This brings us to Freedom of the Press, the first amendment freedom our newsroom lives each day. It protects the right to report news or circulate opinions without censorship from any form of government or law. This includes information you gather from news programs, newspapers, books and magazines, or social media.
Not only does this critical right allow people to gather news, information and opinions from a variety of mediums, but a free media also acts as a watchdog with the capability to report on government wrongdoings.
This right is not limited to major news programs and mainstream sources. It also protects you in obtaining and sharing information without penalty. Freedom of the Press exposes ideas and opinions based on facts, research and credible sources to inform ordinary citizens. Only 14 percent of Americans who answered the Annenberg Constitution Day civics survey were able to name Freedom of the Press as one of the freedoms guaranteed by the First Amendment.
Even fewer, 10 percent, were able to identify Freedom of Peaceable Assembly as one of the freedoms guaranteed by the First Amendment. It is a nonviolent resistance or action with a goal of advocating for or achieving change. This right has been exercised throughout the history of the United States, from human rights issues and anti-war campaigns to disapproval of government policy. It’s far from radical. It’s safe. It’s nonviolent. And it’s your right as an American citizen.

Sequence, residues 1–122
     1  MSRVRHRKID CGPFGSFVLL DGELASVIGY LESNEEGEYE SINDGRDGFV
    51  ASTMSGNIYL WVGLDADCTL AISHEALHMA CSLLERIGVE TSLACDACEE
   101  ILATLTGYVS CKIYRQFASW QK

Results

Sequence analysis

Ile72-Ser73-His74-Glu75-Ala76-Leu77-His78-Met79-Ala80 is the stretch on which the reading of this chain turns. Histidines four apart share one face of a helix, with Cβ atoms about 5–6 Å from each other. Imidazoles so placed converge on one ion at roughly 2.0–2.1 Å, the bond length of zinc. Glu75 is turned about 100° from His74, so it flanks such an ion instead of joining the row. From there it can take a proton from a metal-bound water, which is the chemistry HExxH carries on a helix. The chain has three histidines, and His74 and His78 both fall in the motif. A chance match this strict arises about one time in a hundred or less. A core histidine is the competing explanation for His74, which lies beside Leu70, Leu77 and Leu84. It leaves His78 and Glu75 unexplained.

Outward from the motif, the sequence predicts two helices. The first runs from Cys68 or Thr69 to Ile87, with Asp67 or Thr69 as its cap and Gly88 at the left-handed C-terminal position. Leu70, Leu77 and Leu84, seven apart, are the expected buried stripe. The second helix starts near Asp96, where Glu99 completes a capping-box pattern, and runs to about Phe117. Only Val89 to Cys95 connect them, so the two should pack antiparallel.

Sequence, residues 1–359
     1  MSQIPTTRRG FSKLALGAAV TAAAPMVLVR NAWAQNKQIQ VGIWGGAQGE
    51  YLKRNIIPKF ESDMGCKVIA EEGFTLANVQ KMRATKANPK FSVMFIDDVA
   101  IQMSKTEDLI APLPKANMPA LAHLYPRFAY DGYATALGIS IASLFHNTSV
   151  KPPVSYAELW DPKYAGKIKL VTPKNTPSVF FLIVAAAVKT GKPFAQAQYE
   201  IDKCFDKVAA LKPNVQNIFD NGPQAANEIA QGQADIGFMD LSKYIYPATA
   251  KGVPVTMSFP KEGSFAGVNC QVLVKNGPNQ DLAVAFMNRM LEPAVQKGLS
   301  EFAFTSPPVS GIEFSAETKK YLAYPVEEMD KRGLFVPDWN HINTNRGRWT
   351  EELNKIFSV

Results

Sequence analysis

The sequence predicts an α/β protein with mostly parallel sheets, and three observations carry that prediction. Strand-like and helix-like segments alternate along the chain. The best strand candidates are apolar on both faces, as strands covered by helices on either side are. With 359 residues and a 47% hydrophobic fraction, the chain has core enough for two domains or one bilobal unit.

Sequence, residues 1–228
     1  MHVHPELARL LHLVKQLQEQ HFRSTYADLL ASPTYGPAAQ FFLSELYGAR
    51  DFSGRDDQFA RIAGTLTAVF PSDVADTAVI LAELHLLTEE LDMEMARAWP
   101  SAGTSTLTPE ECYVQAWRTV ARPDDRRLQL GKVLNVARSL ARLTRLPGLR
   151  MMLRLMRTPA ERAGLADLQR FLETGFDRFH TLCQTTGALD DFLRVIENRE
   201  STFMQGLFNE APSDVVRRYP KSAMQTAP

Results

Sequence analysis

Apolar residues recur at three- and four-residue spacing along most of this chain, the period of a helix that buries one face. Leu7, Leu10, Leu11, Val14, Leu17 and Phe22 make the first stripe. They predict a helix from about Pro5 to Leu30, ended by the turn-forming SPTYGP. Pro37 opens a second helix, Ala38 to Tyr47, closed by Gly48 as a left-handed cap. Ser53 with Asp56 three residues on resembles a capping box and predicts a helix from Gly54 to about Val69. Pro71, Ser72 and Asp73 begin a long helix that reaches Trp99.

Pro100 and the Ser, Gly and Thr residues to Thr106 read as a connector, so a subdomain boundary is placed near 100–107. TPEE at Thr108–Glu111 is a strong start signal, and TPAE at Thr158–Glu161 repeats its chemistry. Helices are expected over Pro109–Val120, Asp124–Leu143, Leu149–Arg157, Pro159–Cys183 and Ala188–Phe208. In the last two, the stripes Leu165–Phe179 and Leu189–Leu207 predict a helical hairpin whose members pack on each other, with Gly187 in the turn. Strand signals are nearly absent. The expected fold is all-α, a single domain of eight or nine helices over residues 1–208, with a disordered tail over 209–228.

This right includes a very important keyword: peaceably. So, as long as constitutional laws and safeguards are in place, you are free to peacefully assemble. This freedom does not provide the right to cause danger, disorder, violence, force or immediate threats to public safety.1
While this fundamental right is encoded and protected under the First Amendment, the government has authority to impose restrictions on certain aspects of assembly, such as time, place and manner of assembly.1
Freedom to petition the government for redress of grievances is the least known freedom as only three percent of Americans can name it as a right guaranteed by the first amendment. It is the freedom to encourage or disapprove government action through nonviolent, legal means. This fundamental freedom enables you to stand up and speak out against injustices or policies that are affecting you or in which you feel strongly.
This right can be exercised by gathering signatures for ballot initiatives, lobbying, peacefully assembling, email campaigns, letter-writing, filing lawsuits and picketing. While this right allows you to take action on particular issues, the government can impose reasonable restrictions in regards to place, time and manner of petitioning, depending on the case.
Protected under the First Amendment, and by safely exercising this right, you can publicly participate in government. When put into action, it’s recommended to gather petitions on public property and to exude a civil demeanor.
The first amendment protects these five freedoms equally. Our newsroom believes it is important for citizens to practice and enjoy all of these freedoms.